When you’re aiming to be less inflamed, it can be worthwhile to look beyond regular foods to supplements and what I’m calling “add-ins” – foods/condiments to intentionally put on or in your food because of their anti-inflammatory benefits. Check out all the options:

 

1. Brightly-Colored Spices (like ginger, cinnamon, turmeric, etc)

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Brightly-colored spices have high antioxidant content that can be powerfully anti-inflammatory. Several have specifically been researched and tested for efficacy in managing blood sugar in diabetes, though their anti-inflammatory properties can be beneficial for muscle soreness, recovery after exercise, and metabolic syndrome.1-4

You can take these supplements in concentrated capsules (stick to the recommended dosage) or make a concerted effort to add brightly-colored spices to your food regularly.

 

 

 

 

2. Fish Oil/Omega-3s/Borage Oil

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Increasing intakes of omega-3 fatty acids have been demonstrated to reduce inflammation. They are currently being researched and tested for treatment of many health factors, from prevention of dementia (dementia rates decreased in 19 out of 22 reported studies in a review)5 and cancer to lower cholesterol.6-7

To increase your intake of omega-3s, you can eat more fish, walnuts, flax seed, and chia seeds. Chia is one of my personal favorites because it contains a high concentration of omega-3s and has nearly no flavor. I mix them into oatmeal, smoothies, and yogurt. If you take a capsule supplement, be sure to find one that states it is “burpless” or “enteric-coated.” That ensures the capsules go alllllll the way into your intestines before dissolving, preventing unpleasantly fishy-tasting burps/breath.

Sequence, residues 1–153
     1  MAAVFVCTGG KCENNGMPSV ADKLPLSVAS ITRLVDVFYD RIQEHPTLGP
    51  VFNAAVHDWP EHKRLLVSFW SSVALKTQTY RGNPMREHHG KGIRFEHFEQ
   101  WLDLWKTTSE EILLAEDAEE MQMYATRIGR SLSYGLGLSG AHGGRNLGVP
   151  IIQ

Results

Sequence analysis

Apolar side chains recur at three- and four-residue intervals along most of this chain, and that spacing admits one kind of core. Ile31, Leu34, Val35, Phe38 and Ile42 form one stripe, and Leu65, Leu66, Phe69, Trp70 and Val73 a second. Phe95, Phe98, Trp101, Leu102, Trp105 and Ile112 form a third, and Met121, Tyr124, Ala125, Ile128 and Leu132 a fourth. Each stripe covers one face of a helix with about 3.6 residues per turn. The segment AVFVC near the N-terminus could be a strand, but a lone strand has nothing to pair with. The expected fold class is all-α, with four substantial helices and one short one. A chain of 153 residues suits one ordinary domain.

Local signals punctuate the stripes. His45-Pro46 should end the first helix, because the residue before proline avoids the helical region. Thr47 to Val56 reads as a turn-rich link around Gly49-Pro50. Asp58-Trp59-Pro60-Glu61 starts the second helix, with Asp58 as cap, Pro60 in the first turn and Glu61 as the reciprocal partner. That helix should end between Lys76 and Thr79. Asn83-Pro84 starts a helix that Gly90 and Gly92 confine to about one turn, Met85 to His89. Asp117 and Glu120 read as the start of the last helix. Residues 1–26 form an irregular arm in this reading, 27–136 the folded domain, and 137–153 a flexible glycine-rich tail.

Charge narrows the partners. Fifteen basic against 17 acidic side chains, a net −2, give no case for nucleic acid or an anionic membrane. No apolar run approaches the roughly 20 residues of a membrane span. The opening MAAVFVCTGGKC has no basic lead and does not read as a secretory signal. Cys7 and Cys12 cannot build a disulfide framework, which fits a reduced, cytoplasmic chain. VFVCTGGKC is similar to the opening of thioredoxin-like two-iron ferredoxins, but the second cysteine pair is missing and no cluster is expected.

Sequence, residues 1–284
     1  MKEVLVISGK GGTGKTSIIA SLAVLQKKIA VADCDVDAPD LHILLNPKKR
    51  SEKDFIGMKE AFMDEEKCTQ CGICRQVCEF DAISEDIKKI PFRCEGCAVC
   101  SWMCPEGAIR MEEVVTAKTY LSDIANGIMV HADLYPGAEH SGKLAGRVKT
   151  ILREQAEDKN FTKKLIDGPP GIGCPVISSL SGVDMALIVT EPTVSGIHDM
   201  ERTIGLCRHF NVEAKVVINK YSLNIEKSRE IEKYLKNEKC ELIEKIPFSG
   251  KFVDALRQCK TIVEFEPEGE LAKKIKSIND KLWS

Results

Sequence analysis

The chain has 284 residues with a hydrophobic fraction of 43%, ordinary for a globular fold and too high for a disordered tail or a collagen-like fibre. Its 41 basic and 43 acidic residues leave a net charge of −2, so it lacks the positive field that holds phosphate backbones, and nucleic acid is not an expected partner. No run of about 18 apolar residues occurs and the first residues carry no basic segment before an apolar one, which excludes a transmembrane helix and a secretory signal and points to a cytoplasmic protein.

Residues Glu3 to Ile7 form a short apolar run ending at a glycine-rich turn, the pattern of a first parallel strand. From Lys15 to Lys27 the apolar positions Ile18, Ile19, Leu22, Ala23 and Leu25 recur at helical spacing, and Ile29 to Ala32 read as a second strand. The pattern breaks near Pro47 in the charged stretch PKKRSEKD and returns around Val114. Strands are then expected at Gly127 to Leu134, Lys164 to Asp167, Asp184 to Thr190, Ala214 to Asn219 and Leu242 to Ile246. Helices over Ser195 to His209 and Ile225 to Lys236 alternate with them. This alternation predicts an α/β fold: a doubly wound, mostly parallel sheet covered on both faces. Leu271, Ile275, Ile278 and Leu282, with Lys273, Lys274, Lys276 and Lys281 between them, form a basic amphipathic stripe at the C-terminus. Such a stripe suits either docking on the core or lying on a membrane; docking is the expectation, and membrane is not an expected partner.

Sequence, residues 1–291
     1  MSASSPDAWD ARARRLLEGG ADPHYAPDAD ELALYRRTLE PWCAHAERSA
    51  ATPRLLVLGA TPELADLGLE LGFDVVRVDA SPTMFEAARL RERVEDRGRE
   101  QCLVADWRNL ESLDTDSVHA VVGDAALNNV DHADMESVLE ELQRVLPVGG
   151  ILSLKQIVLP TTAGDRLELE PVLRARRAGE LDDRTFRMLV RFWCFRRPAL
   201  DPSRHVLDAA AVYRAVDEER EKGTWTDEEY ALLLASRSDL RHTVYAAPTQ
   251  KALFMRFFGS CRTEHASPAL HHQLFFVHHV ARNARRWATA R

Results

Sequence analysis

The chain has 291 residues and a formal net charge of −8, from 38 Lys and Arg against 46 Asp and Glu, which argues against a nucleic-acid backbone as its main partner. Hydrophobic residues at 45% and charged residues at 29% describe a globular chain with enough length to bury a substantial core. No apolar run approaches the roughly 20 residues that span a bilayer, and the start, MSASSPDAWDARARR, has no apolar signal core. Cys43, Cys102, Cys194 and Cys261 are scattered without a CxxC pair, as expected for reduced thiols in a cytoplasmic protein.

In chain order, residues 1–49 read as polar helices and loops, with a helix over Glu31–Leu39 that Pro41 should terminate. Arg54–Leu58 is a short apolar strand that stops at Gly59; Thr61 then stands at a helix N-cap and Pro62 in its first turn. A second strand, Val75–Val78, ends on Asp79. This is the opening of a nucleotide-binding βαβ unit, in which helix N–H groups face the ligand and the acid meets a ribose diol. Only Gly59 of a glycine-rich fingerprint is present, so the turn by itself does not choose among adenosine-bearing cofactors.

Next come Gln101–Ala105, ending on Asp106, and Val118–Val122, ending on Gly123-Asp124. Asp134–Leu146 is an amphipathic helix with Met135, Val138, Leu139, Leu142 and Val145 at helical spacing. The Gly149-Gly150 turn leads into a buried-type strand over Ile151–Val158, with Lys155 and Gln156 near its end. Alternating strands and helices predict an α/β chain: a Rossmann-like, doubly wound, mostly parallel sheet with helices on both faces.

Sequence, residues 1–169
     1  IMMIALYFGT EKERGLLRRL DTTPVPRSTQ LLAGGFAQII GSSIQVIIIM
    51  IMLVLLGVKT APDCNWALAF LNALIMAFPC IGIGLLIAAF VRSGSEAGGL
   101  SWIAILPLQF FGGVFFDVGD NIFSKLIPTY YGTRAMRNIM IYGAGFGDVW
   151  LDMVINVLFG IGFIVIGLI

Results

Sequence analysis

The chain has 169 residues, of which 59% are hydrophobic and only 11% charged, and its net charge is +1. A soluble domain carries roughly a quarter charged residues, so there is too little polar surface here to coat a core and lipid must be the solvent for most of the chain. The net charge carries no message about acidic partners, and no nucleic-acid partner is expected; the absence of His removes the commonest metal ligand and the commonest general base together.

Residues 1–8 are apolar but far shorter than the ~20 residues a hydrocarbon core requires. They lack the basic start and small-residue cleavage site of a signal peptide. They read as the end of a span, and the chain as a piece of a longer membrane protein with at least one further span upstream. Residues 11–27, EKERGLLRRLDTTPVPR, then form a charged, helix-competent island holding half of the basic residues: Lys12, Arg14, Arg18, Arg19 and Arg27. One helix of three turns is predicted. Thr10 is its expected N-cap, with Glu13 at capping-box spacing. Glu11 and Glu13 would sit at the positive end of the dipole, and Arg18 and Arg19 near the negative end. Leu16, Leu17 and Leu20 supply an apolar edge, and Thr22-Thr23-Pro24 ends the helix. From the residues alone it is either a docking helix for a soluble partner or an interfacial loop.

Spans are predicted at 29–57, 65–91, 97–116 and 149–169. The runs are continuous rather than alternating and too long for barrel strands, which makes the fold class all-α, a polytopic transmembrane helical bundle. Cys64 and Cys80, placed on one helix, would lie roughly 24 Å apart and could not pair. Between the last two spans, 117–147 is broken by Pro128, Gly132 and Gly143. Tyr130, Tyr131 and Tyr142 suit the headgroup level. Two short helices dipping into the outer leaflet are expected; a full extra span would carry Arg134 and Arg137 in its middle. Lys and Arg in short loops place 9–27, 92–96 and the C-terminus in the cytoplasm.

3. Tart Cherries

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These tart little guys are becoming big news in the anti-inflammatory scene, largely for treatment of inflammatory joint pain caused by conditions like arthritis and gout. Some research with dosing tart cherry has shown similar decreases in pain to leading medications for arthritis and gout.8-10

You can eat them canned, dried, in supplement form, or drink 100% tart cherry juice.

 

 

 

 

 

 

4. Vitamin D

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Photo from betterbodygroup.co.uk

Vitamin D has been shown to be important not only for preventing cardiovascular disease, osteoporosis, and many types of cancers, but also plays a role in improving depression.5

We get a lot less vitamin D these days than we used to. Our primary sources are sunlight (15-20 minutes of sunlight helps our skin make its own vitamin D!) and fortified foods like milk, other dairy, and fruit juices. Supplements are also an option. Ask your doctor to check your vitamin D levels and if they are low, consider working on boosting your intake with food or supplementation.

1. http://journals.sagepub.com/doi/abs/10.3181/0902-MR-78

2. http://journals.sagepub.com/doi/abs/10.1177/193229681000400324

3. http://www.sciencedirect.com/science/article/pii/S2225411016300670

4. https://www.ncbi.nlm.nih.gov/pmc/articles/PMC3665015/

5. Pawlak, Laura. The Hungry Brain. 2012. Biomed Books. p. 177.

6. http://europepmc.org/abstract/med/2836574

7. http://www.tandfonline.com/doi/abs/10.1080/07315724.2002.10719248

8. http://www.sciencedirect.com/science/article/pii/S1756464614002886

9. http://www.sciencedirect.com/science/article/pii/S0166432803004650

10. http://www.tandfonline.com/doi/abs/10.1080/03009740600704155